This second edition of The Lending and Secured Finance Review comes on the heels of a period of volatility and the result of the United Kingdom’s referendum on EU membership – a topic that, unsurprisingly, dominated headlines and impacted deal volumes in the months leading up to the referendum.
During 2014 and 2015, the loan markets grew against a backdrop of greater economic stability and the return of M&A activity in Europe and globally, and 2015 was in fact the busiest year for the EMEA region since the credit crisis. Between January and June 2016, however, the market contracted quite significantly – a combination of factors, including the collapse in oil prices, the slowdown in China and the prospect of Brexit all contributed to chilling the global market for event-driven financings. Refinancing activity also fell in volume terms compared with previous years, many borrowers having sourced their needs for at least the next few years during the protracted period of favourable market conditions in 2014 and 2015.
In the aftermath of the referendum vote to leave the EU, corporate groups and other businesses (both domestic and overseas) face new risks and challenges that will need to be addressed, and the legal, regulatory and market outlook has been significantly altered, at least for the United Kingdom. At the time of writing, the shape of the United Kingdom’s future relationship with the EU remains unclear, and the immediate challenge for debt market participants is how best to weather the uncertain market conditions exacerbated by the prospect of Brexit.
The impact of Brexit on the availability of finance and the products on offer over the longer term is difficult to anticipate. There are no current indications that banks’ liquidity or funding positions have altered significantly, but it seems prudent to anticipate that lending criteria may tighten and banks will look closely at the impact of Brexit on their customers when approving new loans. Treasurers may focus again on alternative sources of finance. Pre-referendum, the involvement of direct lending funds, private placements and other alternatives to traditional bank finance was growing, supported by industry and government, but it remains to be seen whether this growth will continue.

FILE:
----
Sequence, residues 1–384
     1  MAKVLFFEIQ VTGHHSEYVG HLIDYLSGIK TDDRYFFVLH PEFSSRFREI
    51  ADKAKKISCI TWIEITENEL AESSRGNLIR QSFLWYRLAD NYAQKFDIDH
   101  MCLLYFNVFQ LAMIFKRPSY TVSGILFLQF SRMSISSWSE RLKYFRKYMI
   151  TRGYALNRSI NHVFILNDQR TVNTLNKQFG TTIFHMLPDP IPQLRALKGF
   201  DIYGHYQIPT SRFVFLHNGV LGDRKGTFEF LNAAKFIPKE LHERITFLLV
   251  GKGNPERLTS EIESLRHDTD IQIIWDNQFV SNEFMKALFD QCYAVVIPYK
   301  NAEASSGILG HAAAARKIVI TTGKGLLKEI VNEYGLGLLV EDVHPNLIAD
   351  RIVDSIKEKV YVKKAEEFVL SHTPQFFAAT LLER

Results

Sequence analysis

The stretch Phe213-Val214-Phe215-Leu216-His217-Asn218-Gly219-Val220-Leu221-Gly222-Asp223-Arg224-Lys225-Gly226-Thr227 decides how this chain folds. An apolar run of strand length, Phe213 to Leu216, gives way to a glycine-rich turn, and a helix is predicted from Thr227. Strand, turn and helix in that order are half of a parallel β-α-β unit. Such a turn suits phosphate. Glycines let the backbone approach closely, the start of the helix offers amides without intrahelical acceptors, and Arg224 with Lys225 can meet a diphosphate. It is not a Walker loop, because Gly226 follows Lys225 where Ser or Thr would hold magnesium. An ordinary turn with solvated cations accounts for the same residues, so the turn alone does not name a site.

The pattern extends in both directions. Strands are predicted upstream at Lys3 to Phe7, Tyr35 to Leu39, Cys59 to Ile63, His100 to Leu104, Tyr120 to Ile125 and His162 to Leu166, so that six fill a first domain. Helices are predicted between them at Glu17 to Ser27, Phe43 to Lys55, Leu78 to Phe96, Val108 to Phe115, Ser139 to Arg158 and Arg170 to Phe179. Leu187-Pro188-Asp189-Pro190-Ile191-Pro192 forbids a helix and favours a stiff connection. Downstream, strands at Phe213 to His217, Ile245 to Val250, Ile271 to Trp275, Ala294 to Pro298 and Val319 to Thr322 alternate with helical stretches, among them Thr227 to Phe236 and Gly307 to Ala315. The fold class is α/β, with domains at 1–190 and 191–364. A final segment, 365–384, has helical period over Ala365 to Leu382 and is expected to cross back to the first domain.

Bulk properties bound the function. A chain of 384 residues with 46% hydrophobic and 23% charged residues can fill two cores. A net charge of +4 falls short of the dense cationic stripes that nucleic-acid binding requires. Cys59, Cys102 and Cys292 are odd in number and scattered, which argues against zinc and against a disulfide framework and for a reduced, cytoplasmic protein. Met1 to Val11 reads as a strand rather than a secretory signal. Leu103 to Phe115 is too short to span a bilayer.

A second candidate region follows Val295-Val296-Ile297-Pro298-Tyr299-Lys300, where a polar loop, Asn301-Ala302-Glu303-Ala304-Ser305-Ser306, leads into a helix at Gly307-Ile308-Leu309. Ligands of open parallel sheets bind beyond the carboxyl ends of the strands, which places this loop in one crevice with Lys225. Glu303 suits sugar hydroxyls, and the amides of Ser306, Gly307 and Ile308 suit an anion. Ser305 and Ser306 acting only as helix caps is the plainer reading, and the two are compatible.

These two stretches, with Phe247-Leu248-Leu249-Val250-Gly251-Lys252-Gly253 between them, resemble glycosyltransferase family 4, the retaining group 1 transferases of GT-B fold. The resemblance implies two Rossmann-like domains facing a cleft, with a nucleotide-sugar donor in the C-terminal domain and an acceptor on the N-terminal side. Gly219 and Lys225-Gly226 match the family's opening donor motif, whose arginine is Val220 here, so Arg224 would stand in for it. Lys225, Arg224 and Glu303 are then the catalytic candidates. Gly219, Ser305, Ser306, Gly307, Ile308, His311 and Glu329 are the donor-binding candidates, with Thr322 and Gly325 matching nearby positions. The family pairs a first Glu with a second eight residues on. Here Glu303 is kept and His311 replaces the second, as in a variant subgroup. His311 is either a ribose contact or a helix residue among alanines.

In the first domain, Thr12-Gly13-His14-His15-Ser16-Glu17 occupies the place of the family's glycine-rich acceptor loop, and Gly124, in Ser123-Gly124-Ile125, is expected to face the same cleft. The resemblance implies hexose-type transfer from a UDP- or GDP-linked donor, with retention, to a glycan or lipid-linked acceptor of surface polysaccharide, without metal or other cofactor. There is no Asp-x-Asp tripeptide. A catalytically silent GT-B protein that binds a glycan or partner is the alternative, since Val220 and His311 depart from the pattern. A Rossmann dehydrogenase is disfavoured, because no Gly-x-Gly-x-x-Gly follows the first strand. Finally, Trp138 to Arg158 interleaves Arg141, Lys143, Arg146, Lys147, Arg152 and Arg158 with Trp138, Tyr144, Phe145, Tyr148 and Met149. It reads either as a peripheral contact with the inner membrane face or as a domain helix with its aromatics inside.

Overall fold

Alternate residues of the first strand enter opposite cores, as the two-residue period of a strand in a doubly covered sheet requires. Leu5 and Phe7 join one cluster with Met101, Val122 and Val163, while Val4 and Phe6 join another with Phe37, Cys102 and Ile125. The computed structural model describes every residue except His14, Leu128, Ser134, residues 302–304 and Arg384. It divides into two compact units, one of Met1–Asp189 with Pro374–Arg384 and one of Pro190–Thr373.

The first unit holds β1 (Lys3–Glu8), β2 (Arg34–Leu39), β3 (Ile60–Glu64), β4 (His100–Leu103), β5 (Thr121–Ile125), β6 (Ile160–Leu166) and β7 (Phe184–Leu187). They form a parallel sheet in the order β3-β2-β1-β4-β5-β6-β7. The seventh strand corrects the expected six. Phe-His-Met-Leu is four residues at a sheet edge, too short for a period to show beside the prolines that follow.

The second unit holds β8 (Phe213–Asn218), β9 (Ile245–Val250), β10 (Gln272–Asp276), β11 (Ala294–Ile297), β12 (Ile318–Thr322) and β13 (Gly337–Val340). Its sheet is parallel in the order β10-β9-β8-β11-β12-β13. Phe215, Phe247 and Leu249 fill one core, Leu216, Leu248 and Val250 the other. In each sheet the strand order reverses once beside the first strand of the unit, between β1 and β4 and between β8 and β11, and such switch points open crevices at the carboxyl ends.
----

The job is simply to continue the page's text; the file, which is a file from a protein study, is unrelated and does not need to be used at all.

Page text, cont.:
Azadeh is a partner in the London office of Slaughter and May. She has a broad financing practice covering, among other things, investment-grade lending, as well as acquisition and leveraged finance transactions, and has advised on a number of complex, cross-border deals.
The publisher acknowledges and thanks the following for their learned assistance throughout the preparation of this book: